on 2 October 2000
Hmmmmmmm. I'm really just writing to support the boys and agree with the guy who wrote review number 1. This really is some of their best work ever. As good as Flood and with (in my op) even better production and a more mature music sound/song style. I'm a ten year TMBG fan, and after not listening to them (a break, you might say) for a year or so, this is the record that brought me back. Ohhhhh it's nice, and has some of the best moments I'll ever know.
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2 of 2 people found the following review helpful
on 5 September 2000
This is, if not the best TMBG album of all time, it parallels with flood all the way.Some of the tracks on here are in my top ten ever! After listening to them for 12 years and only being 19 i really hope anyone reading this will buy it coz its a top top album and deserves to be rated in the all-time greats so click on the BUY BUTTON!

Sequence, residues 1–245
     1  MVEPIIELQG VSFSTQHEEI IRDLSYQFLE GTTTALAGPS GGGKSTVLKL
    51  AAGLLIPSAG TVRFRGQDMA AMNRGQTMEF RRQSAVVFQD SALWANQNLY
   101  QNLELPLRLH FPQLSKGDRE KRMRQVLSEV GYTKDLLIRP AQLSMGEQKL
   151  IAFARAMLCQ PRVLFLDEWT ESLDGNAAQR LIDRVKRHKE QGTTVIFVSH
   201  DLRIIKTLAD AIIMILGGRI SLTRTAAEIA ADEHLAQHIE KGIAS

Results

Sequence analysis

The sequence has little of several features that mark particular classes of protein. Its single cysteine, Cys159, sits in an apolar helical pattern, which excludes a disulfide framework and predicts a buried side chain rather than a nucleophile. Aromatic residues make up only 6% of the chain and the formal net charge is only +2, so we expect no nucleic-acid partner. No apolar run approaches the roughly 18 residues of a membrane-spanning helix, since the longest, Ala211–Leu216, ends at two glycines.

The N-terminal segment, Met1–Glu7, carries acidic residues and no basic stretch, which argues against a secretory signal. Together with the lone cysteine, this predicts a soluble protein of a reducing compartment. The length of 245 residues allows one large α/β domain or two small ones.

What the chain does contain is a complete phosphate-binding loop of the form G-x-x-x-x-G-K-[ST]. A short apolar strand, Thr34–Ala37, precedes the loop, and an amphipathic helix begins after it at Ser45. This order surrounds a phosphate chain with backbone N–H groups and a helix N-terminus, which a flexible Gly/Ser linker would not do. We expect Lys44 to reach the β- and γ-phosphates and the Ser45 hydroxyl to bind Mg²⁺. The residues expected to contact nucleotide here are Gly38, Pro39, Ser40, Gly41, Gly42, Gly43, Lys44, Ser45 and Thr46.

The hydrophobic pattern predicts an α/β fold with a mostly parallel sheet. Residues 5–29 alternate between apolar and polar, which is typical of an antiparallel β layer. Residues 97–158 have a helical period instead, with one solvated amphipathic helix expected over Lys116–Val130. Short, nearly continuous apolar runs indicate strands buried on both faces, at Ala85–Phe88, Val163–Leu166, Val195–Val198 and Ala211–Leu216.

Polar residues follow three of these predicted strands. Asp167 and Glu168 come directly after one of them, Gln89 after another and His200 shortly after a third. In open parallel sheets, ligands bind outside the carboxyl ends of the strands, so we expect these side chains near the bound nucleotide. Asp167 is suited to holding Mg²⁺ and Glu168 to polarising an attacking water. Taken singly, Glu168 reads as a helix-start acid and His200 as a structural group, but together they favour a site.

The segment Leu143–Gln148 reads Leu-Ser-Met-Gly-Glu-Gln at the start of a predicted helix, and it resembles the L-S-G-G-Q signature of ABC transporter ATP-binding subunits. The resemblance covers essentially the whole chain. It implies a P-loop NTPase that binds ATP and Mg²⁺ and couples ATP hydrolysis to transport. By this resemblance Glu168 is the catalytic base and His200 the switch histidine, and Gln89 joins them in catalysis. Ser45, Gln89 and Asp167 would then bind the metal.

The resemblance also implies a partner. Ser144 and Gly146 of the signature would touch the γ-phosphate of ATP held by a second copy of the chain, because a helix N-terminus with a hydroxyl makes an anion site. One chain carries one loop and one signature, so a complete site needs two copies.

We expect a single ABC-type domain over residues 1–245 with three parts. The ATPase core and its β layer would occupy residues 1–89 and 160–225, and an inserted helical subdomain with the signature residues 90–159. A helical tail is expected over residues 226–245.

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on 23 April 2003
While less experimental tracks are included on John Henry, this album has to be their most poetic work since their first self titled album.
I knew most of the tracks pretty well before I purchased the album from friend's CD and mp3 collections. And it's just shocking when I realised how many "favourite" tracks there were on this album when I looked through it.
John Henry's strength definitely lies in the lyrics and tunes, though it lacks the performance they had on Factory Showroom or Severe Tire Damage (live album). But then you probably won't notice a thing when you take the tour of the minds of the Giants as you listen to the album.
The track order (which I feel very strongly could make or break some albums) was very well mixed as well in my opinion as it gently changes themes and pace allowing you to breathe in between tunes. But then if you listen to each track on it's own, they're probably as strong as each other individually anyway.